Microscopically, MFH is composed of collagen-forming spindle cell proliferation arranged in a storiform or cartwheel pattern accompanied by varying numbers of inflammatory cells, foam cells, and siderophages. Commonly benign and malignant giant cells are seen. [10],[11] Malignancy is determined by an increase in mitotic activity. [12] The tumor in the present case was diagnosed as MFH since the pathology showed undifferentiated proliferation of atypical nuclei with moderate cytoplasms or oval-shaped cells admixed with atypical giant cells and mitosis. Mitotic figures were pronounced. Histologically, diagnosis is aided by immune staining. Typically, there is an absence of GFAP, S100, EMA, desmin, HMB 45, LCA, CD34 and CD31 staining as in this case. GFAP staining will aid differentiation from a pleomorphic xanthoastrocytoma and gliosarcoma, which are glial origin tumors. MFH show a definable line of differentiation, foremost among which are the pleomorphic variants of leiomyosarcoma and carcinomas. The presence of just rare cells showing positivity for epithelial (positivity for pancytokeratin) or myogenic antigens (positivity for smooth actin) most often has little significance and does not, of itself, exclude this diagnosis. There is strong and diffuse positivity with vimentin and focally positive staining for CD68, pancytokeratin and smooth actin in tumoral cells, also seen in this case. [3] The differential diagnoses to exclude are metastases, gliosarcoma, glioblastoma and xanthoastrocytoma, Langerhans cell histiocytosis, lymphomas and meningeal sarcoma. [3],[12] LCA staining will aid differentiation from lymphoid origin tumors.

Without any response to the antibiotics and with a progressive deterioration of neurologic and mental condition, the patient died within the first week after surgery. The ultimate prognosis remains unclear due to the small numbers of patients with this tumor. Rarity of MFH in the cerebellum does not eliminate their importance as they have clinical resemblance to other intracerebellar tumors and they are also associated with a very poor prognosis.

   References Top

1.Lehnhardt M, Daigeler A, Homann HH, Schwaiberger V, Goertz O, Kuhnen C, et al. MFH revisited: Outcome after surgical treatment of undifferentiated pleomorphic or not otherwise specified (NOS) sarcomas of the extremities an analysis of 140 patients. Langenbecks Arch Surg 2009;394:313-20.  Back to cited text no. 1
2.O'Brien JE, Stout AP. Malignant fibrous xanthomas. Cancer 1964;17:1445-55.  Back to cited text no. 2
3.Hamalat A, Adn M, Caulet-Maugendre S, Guegan Y. Cerebellar malignant fibrous histiocytoma: Case report and literature review. Neurosurgery 2004;54:745-51.  Back to cited text no. 3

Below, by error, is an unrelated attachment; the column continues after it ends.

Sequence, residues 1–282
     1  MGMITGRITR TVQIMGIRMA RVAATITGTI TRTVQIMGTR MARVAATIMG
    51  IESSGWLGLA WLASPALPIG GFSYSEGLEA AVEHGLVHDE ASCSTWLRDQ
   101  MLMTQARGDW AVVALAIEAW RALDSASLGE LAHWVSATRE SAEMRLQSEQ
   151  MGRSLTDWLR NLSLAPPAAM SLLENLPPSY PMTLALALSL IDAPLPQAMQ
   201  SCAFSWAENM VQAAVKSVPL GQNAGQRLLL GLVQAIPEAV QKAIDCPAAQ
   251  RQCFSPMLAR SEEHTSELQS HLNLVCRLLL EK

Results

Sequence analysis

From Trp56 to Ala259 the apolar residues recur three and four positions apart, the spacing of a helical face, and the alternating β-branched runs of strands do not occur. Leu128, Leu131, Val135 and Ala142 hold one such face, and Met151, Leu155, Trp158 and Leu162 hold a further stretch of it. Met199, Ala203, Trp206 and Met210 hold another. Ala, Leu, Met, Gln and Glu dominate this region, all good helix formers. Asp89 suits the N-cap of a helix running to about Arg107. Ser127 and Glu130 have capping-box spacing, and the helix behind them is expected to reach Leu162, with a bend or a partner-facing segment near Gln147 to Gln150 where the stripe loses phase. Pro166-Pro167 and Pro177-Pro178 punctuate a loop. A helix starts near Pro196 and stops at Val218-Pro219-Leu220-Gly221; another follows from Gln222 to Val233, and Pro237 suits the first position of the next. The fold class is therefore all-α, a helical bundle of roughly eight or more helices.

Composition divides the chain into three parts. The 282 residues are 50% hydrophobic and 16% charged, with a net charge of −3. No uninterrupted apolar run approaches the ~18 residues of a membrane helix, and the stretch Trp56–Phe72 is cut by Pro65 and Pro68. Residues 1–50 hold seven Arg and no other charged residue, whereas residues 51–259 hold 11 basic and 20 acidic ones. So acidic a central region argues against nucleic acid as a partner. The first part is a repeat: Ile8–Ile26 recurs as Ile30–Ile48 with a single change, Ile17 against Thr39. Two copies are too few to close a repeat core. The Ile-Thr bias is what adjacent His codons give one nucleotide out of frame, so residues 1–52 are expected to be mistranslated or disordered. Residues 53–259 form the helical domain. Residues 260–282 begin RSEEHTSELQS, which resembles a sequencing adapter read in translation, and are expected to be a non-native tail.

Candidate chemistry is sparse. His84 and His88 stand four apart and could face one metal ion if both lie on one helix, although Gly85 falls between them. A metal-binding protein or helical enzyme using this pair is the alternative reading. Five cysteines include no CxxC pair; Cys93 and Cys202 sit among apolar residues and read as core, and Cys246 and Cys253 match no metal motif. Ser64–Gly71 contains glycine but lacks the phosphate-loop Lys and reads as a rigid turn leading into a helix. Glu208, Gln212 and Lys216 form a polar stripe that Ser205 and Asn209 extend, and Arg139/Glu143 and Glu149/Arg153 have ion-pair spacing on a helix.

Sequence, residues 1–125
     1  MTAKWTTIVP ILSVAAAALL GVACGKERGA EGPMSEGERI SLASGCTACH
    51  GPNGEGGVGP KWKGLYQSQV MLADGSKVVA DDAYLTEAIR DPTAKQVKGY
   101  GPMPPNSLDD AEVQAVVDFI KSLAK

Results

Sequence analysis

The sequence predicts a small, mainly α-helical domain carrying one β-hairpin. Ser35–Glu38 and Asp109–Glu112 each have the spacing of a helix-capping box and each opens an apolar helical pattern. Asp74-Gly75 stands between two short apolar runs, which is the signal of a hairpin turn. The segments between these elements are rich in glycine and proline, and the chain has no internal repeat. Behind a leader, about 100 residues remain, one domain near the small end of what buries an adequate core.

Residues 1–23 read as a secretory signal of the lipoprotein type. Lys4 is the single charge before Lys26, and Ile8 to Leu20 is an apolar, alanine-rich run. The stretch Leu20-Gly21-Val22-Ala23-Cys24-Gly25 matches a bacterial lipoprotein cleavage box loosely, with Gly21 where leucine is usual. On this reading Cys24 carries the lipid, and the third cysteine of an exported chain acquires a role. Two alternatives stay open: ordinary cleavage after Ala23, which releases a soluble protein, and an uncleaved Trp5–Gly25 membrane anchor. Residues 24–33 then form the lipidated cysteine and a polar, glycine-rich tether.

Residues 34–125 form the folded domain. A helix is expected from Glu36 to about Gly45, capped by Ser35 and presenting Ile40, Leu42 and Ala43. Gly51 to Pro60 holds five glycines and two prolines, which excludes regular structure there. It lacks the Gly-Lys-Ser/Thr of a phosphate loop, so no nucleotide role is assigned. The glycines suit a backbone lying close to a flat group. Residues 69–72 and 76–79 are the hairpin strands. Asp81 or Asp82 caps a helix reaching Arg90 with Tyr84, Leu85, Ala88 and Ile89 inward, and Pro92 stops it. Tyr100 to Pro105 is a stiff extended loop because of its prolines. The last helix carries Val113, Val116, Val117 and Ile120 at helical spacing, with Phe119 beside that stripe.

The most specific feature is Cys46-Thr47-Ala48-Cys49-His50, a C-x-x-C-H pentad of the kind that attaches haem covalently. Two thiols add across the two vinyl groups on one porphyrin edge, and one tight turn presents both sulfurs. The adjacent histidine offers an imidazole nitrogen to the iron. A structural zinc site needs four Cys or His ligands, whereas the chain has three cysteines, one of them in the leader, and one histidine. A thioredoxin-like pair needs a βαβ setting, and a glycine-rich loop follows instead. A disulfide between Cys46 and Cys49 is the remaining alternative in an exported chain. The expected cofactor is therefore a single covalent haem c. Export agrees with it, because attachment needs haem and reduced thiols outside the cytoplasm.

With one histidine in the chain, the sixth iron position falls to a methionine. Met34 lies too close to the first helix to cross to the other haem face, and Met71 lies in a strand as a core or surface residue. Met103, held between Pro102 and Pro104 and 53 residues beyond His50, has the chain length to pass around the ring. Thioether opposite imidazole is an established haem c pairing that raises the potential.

4.Maruno M, Ghulam Muhammad AK, Taguchi J, Suzuki T, Wada K, Isaka T, et al. Giant cell type of primary intracranial malignant fibrous histiocytoma: A case report. Brain Tumor Pathol 2006;23:65-70.  Back to cited text no. 4
5.Sarrami AH, Setareh M, Afshar-Moghaddam N, Izadinejad M, Saadatnia M. A case of intracranial malignant fibrous histiocytoma. J Res Med Sci 2011;16:968-73.  Back to cited text no. 5
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6.Mitsuhashi T, Watanabe M, Ohara Y, Hatashita S, Ueno H. Multifocal primary intracerebral malignant fibrous histiocytoma-case report. Neurol Med Chir (Tokyo) 2004;44:249-54.  Back to cited text no. 6
7.Swamy KS, Shankar SK, Asha T, Reddy AK. Malignant fibrous histiocytoma arising from the meninges of the posterior fossa. Surg Neurol 1986;25:18-24.  Back to cited text no. 7
8.Blitzer A, Lawson W, Zak FG, Biller HF, Som ML. Clinicopathological determinants in prognosis of fibrous histiocytoma of head and neck. Laryngoscope 1981;91:2053-69.  Back to cited text no. 8
9.Christopher DM, Krishnan U, Fredrik M. World Health Organization Classification of Tumours. Pathology and Genetics of Tumours of Soft Tissue and Bone. Lyon: IARC;2002.  Back to cited text no. 9
10.Weiss SH, Goldblum JR. Malignant fibrous histiocytoma. Enzinger & Weiss's soft tissue tumors. New York: Mosby; 2008. p. 40614.  Back to cited text no. 10
11.Stenberg SS, Mills SE, Carter D. Stenberg's diagnostic surgical pathology. Philadelphia: Lippinocott Williams & Wilkins; 2010.p. 131-422.  Back to cited text no. 11
12.Kalyanaraman UP, Taraska JJ, Fierer JA, Elwood PW. Malignant fibrous histiocytoma of the meninges. J Neurosurg 1981;55:957-62.  Back to cited text no. 12

Correspondence Address:
Ibrahim Gelincik
Bolge Egitim ve Arastirma Hastanesi, Patoloji Klinigi Cat Yolu cad. Yildizkent-Erzurum
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Source of Support: None, Conflict of Interest: None

DOI: 10.4103/0377-4929.101759